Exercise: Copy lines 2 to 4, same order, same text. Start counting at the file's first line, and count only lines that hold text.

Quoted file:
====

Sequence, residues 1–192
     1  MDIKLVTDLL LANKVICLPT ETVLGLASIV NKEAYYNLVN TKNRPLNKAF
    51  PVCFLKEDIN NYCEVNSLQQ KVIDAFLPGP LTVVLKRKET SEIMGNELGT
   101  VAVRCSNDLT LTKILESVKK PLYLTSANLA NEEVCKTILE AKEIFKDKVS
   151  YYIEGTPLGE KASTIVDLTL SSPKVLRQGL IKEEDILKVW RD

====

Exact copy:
     1  MDIKLVTDLL LANKVICLPT ETVLGLASIV NKEAYYNLVN TKNRPLNKAF
    51  PVCFLKEDIN NYCEVNSLQQ KVIDAFLPGP LTVVLKRKET SEIMGNELGT
   101  VAVRCSNDLT LTKILESVKK PLYLTSANLA NEEVCKTILE AKEIFKDKVS